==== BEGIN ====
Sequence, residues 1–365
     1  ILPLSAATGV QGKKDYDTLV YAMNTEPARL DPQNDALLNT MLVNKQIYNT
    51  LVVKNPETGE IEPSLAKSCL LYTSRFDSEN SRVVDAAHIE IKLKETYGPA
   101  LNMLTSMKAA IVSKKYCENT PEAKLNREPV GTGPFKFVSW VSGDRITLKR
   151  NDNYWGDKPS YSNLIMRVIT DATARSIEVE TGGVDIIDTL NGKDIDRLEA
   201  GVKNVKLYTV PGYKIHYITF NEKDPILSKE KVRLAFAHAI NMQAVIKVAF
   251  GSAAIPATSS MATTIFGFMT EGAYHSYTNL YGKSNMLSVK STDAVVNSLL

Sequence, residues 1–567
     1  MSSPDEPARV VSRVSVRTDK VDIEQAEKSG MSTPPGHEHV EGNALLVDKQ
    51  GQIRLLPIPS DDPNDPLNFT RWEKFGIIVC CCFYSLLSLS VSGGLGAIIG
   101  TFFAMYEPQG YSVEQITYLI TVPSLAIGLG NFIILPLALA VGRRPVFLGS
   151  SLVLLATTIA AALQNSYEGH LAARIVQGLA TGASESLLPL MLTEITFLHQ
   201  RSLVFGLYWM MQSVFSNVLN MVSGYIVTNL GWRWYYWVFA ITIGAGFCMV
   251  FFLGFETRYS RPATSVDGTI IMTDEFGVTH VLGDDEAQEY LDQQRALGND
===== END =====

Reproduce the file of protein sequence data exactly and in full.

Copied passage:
Sequence, residues 1–365
     1  ILPLSAATGV QGKKDYDTLV YAMNTEPARL DPQNDALLNT MLVNKQIYNT
    51  LVVKNPETGE IEPSLAKSCL LYTSRFDSEN SRVVDAAHIE IKLKETYGPA
   101  LNMLTSMKAA IVSKKYCENT PEAKLNREPV GTGPFKFVSW VSGDRITLKR
   151  NDNYWGDKPS YSNLIMRVIT DATARSIEVE TGGVDIIDTL NGKDIDRLEA
   201  GVKNVKLYTV PGYKIHYITF NEKDPILSKE KVRLAFAHAI NMQAVIKVAF
   251  GSAAIPATSS MATTIFGFMT EGAYHSYTNL YGKSNMLSVK STDAVVNSLL

Sequence, residues 1–567
     1  MSSPDEPARV VSRVSVRTDK VDIEQAEKSG MSTPPGHEHV EGNALLVDKQ
    51  GQIRLLPIPS DDPNDPLNFT RWEKFGIIVC CCFYSLLSLS VSGGLGAIIG
   101  TFFAMYEPQG YSVEQITYLI TVPSLAIGLG NFIILPLALA VGRRPVFLGS
   151  SLVLLATTIA AALQNSYEGH LAARIVQGLA TGASESLLPL MLTEITFLHQ
   201  RSLVFGLYWM MQSVFSNVLN MVSGYIVTNL GWRWYYWVFA ITIGAGFCMV
   251  FFLGFETRYS RPATSVDGTI IMTDEFGVTH VLGDDEAQEY LDQQRALGND